Rooting for the Nats

I’m settled in for a fun night watching the fifth and deciding game of the National League Division Series, and I have a definite rooting interest since Jayson Werth hit the game-winning home run in the bottom of the 9th last night.

Jayson thought his career was over in 2005, but Mayo Clinic Orthopedic Surgeon Richard Berger, M.D. helped make his return to baseball possible.

Dr. Berger had discovered the kind of ligament tear Jayson had suffered in spring training in 2005. it is called a UT split tear and involves lengthwise split of the ligament, like a celery stick, as opposed to a complete rupture. Before Dr. Berger’s discovery of this type of injury, patients would never recover mostly because the injury doesn’t show up well on an MRI. It looks “normal” unless you really know what to look for.

Here is that story, as told on our Sharing Mayo Clinic blog, from when he was with the Phillies in 2009.

I met Jayson in 2009 when I got to interview him in Philadelphia:

That post led to a big story in USA Today when the Phillies went to the World Series again in 2009. It resulted in our first Twitter chat in collaboration with USA Today, in which Dr. Berger answered questions from readers, which led to one of those participants coming to Mayo Clinic for surgery by Dr. Berger for the same surgery, because she had a split-tear too. And that led to another USA Today story.

Two years ago in December, Jayson signed with the Washington Nationals, perennial cellar dwellers. Here’s a story about it in the New York Times, which gets into a lot of his Mayo Clinic story.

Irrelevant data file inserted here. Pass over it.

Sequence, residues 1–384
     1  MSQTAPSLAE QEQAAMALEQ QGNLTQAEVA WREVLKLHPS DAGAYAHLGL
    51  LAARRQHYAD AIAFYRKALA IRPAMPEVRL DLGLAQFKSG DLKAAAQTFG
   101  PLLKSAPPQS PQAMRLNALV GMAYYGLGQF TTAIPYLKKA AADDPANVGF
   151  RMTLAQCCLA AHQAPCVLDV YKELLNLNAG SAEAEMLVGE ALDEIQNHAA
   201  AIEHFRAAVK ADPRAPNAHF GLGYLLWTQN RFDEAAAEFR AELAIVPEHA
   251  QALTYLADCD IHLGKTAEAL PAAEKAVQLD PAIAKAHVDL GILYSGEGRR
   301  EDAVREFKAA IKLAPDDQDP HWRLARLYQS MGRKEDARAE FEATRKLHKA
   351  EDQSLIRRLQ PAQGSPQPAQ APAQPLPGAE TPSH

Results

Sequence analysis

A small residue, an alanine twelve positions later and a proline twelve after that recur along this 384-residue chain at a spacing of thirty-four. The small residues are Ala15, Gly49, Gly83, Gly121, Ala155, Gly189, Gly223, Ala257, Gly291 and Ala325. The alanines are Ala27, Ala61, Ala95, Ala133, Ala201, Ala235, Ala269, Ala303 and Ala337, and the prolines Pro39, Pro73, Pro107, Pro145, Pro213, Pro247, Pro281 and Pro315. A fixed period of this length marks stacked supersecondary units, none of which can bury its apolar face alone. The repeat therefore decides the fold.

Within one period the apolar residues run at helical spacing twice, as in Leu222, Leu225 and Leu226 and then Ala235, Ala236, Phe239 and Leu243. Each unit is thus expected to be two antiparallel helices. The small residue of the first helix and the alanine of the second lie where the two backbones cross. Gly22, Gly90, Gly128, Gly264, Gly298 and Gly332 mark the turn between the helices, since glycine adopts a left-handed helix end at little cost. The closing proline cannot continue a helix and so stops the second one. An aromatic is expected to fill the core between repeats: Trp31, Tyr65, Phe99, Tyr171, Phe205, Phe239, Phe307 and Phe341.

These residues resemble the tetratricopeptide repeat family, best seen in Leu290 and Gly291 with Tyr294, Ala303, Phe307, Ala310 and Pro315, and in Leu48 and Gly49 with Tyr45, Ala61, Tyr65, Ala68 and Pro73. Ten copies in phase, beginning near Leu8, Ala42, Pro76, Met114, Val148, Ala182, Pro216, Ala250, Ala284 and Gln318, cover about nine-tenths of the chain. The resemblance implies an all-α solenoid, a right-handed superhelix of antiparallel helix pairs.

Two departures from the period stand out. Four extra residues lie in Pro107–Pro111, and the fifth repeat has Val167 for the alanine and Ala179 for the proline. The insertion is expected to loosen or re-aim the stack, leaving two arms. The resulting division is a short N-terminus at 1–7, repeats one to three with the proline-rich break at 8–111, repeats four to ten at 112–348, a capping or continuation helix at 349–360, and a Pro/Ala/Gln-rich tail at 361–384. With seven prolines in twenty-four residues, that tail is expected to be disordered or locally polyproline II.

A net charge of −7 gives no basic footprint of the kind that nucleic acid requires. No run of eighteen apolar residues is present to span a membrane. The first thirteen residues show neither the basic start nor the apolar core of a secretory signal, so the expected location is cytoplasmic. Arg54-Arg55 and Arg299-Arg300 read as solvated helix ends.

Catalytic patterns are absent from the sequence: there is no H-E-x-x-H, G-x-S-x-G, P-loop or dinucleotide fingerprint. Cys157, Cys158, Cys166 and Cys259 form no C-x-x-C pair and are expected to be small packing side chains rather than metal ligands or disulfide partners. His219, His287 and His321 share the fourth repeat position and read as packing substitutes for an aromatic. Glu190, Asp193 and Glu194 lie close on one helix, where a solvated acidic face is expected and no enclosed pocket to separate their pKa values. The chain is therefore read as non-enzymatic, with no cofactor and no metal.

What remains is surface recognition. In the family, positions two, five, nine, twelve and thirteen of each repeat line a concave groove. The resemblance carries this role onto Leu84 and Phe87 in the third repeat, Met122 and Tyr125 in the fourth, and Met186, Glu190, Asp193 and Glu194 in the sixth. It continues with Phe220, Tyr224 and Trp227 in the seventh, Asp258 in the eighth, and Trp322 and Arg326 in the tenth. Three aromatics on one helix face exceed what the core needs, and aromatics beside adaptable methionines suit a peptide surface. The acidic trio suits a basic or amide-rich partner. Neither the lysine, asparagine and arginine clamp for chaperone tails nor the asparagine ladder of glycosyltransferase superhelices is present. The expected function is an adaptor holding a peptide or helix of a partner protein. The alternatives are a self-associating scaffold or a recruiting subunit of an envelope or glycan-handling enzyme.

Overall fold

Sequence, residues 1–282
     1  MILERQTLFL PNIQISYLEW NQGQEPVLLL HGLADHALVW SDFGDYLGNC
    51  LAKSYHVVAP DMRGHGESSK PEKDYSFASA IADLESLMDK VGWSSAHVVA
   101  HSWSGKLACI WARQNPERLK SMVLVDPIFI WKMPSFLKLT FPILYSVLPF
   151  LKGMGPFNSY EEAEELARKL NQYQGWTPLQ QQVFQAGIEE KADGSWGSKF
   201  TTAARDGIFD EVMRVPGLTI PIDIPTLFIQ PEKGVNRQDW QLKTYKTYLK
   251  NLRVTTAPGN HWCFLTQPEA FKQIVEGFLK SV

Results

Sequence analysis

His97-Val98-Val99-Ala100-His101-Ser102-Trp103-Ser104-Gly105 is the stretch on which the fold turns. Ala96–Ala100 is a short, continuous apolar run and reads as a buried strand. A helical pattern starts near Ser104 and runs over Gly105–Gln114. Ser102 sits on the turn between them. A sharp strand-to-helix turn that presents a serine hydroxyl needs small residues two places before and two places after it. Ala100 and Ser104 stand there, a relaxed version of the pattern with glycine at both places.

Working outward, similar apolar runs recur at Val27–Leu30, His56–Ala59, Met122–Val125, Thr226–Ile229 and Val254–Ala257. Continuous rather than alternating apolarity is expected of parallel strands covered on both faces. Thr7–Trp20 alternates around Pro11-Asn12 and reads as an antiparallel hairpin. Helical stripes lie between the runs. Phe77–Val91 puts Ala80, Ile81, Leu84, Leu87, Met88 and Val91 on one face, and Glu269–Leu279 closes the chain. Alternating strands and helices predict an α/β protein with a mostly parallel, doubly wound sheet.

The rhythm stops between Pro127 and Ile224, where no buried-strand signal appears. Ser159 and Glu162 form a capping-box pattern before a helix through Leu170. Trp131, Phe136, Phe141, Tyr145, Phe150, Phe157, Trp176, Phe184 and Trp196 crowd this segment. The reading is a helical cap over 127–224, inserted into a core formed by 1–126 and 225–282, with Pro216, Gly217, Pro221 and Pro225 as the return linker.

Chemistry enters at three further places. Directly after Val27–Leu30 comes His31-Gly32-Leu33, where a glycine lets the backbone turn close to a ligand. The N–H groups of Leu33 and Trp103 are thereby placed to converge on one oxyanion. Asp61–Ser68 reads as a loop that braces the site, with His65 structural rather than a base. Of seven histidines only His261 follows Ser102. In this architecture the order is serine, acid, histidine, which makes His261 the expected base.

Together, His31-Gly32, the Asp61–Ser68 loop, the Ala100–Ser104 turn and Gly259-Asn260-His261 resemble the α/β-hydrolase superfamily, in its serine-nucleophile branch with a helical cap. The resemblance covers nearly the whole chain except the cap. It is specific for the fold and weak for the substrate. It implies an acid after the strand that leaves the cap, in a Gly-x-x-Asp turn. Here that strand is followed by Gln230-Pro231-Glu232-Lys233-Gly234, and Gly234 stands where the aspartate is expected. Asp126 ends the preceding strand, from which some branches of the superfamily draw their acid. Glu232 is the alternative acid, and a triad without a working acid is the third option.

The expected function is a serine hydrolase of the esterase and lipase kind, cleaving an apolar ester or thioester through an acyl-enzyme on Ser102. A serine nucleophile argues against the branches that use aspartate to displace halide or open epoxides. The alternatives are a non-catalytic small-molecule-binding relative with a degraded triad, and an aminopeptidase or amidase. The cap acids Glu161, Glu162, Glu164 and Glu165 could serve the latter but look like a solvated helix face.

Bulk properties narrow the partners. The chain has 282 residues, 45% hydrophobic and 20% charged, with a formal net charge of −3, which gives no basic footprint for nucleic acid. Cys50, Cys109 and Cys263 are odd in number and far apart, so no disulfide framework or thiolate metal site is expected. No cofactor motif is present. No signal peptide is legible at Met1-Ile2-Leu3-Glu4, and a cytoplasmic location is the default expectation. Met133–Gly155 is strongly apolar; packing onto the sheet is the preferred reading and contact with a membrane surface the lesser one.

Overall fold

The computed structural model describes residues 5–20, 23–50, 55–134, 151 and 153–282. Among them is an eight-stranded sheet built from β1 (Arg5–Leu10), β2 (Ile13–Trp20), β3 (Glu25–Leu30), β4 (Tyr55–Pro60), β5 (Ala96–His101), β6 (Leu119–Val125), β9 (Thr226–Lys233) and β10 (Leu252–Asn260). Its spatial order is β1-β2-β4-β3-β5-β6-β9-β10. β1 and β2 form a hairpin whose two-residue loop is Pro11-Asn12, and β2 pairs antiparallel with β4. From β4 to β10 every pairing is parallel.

It’s neat that in just two years, Jayson is again playing post-season baseball. If my Twins can’t make the playoffs, I’m rooting for the Nationals.

And just in the time since I started writing this post, the Nats are off to a 3-0 lead in the first inning, as Jayson led off with a double and scored the game’s first run.

Go Nats!

Update 10/13/12: The Nats built a 6-0 lead early, but collapsed in the 9th inning, giving up four runs for a 9-7 loss. Bummer.

Visiting Nationals Park

When I was in Washington, D.C. last week I had a free evening that gave me a chance to go see the Nationals play a baseball game. It’s relatively unusual for me to be overnight in a city instead of traveling (I generally fly in one night and out the next), but in this case I had the extended opportunity.

Here are some photo memories from the adventure (click any of the photos to view a larger size):

The view from the back concourse (I arrived just after the game started):

I got a really good seat through an interesting exchange. As I was standing in line to buy a ticket, a guy came up to the group and said, “Anyone here alone?” I said I was, and he said, “Here, take this. It’s a really good seat…It’s about a $70 ticket.” Before I could reach for my wallet to give him a token of my thanks, he was gone.

While it would have been nice to see rookie phenom Steven Strasburg pitch, I’m pretty sure I wouldn’t have gotten a seat like this if I had been there the next night:

At Nationals Park the between-innings diversions have a governmental/historical feel, such as the Presidents Race:

George won this time.

It was REALLY hot that night, and was almost unpleasant even in shorts. But a nice rain shower cooled things down significantly (and also led to a rain delay):

And after the rain delay I was able to even get a slightly better seat in the 18th row:

All in all, as I left a little early to catch the Metro back to the hotel, it was a memorable night: